- Edema; accumulated fluid under the skin, which may appear as weight gain
- Hyperlipidemia; high cholesterol or other high blood lipid values
- Hypertension; high blood pressure
- Hypoalbuminemia and albuminuria, low blood levels and high urine levels of the protein albumin
Proteinuria and edema are the two most distinctive symptoms of nephrotic disorder.
Proteinuria in nephrotic syndrome
In a healthy kidney, small groupings of capillaries, known as glomeruli, filter the blood. The glomerulus and nearby tube for the removal of byproducts, known as a tubule, together make up a structure called a nephron.
In the nephron, the glomerulus filters the blood. Substances needed by the body, such as potassium, protein and phosphorus, return to the blood, while unwanted products pass through a membrane into the tubule. These unwanted products pass from the tubule to the ureter, to the bladder and are eventually passed out of the body in the urine. If the tubule, glomerulus, or both, become damaged or infected, this filtration system may become unbalanced. Waste products may build up in the body, and necessary substances such as proteins and minerals may be lost, instead of being reabsorbed.
In glomerular disorders, such as some of those that lead to nephrotic syndrome, the membrane between the glomerulus and the tubule may lose its ability to prevent protein molecules and red blood cells from passing out into the tubule, for various reasons.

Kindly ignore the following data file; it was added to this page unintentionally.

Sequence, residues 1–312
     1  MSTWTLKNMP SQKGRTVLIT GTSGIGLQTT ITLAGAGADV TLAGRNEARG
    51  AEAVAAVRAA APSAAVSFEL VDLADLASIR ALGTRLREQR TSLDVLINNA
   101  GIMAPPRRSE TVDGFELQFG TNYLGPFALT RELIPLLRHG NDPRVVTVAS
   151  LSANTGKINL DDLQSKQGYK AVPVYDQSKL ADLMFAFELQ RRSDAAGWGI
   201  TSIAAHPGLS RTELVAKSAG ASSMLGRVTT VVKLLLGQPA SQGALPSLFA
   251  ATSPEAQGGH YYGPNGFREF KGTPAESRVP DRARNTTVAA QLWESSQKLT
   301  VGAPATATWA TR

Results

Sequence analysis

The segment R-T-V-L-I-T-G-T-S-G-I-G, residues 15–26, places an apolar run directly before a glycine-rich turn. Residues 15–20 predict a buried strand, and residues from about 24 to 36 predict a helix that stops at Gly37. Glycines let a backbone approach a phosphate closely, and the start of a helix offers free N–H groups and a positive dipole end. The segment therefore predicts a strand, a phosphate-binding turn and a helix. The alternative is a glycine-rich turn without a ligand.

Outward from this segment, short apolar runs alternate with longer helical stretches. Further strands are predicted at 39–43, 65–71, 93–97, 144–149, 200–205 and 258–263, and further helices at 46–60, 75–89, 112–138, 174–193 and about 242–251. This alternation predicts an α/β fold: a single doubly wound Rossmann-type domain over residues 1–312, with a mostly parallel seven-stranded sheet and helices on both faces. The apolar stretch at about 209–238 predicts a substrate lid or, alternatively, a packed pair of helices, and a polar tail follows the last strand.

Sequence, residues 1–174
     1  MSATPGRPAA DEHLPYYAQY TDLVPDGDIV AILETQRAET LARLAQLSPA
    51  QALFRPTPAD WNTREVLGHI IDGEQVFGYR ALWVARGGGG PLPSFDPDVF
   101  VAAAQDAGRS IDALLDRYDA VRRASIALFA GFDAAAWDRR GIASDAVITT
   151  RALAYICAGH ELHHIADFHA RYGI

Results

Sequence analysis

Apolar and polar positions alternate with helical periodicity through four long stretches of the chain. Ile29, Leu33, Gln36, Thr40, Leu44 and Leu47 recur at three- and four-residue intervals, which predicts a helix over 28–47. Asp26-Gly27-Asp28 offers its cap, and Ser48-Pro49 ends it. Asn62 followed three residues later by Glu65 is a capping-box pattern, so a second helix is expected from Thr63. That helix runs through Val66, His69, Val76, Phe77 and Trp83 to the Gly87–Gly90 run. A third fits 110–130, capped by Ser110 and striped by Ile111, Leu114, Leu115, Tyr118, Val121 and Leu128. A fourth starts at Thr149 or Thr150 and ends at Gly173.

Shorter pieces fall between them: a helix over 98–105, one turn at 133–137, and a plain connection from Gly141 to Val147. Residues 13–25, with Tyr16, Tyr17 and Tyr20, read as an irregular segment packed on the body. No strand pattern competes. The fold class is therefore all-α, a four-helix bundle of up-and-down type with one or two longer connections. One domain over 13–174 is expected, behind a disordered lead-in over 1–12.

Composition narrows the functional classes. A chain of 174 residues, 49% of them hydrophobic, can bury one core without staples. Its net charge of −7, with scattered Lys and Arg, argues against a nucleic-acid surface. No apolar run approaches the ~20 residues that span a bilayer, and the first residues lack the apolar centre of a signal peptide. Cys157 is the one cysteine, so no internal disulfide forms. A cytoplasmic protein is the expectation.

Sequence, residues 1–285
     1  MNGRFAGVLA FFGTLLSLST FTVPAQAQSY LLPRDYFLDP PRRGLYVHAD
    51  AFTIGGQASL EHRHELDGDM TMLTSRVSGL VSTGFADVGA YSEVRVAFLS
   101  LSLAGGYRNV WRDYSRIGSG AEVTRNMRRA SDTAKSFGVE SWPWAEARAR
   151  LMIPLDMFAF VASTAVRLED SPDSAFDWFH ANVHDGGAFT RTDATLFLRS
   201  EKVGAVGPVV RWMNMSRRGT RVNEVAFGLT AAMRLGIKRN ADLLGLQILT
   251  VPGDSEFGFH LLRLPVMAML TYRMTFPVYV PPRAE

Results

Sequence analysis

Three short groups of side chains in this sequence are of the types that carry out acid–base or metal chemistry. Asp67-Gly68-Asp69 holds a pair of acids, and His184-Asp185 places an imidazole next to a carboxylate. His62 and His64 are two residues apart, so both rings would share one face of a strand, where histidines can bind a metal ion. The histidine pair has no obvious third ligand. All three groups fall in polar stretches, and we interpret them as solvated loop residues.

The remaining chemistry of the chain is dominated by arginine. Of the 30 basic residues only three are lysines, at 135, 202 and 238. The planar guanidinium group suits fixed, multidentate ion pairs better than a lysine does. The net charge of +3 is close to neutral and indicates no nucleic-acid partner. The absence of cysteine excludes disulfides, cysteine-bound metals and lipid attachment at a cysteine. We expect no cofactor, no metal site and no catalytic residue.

Healthy glomeruli allow less than 400mg of protein into urine per day. In nephrotic syndrome, three grams or more of protein pass into the urine and are subsequently lost, causing blood protein levels to fall. Nephrotic range proteinuria is defined as 3 to 3.5 or more grams of protein lost in urine over a twenty-four hour period. This is almost eight times the amount of protein a healthy glomerulus would allow through.
This has various effects on the body, as the protein loss causes low levels of blood protein. Because blood protein is vital to the absorption and elimination of extra fluid from the body’s tissues, low levels of protein result in a buildup of fluids in the tissues, known as edema.
Edema , ascites and pleural effusion
In nephrotic syndrome, the lack of protein leads to a buildup of fluid made up of sodium and water in the tissues. It is usually starting in the face, around the eyes, or in the legs and ankles, but may lead to generalized swelling of the entire body, too.  It can also lead to fluid build up around the lungs. This is known as pleural effusion, and if this happens, the affected person may experience difficulty breathing and breathlessness. If this is the case a doctor should be consulted urgently. If fluid builds up inside the belly this is called ascites and may be uncomfortable. Ascites can lead to an increased abdominal circumference and a feeling of heaviness and discomfort in the stomach area or the entire belly.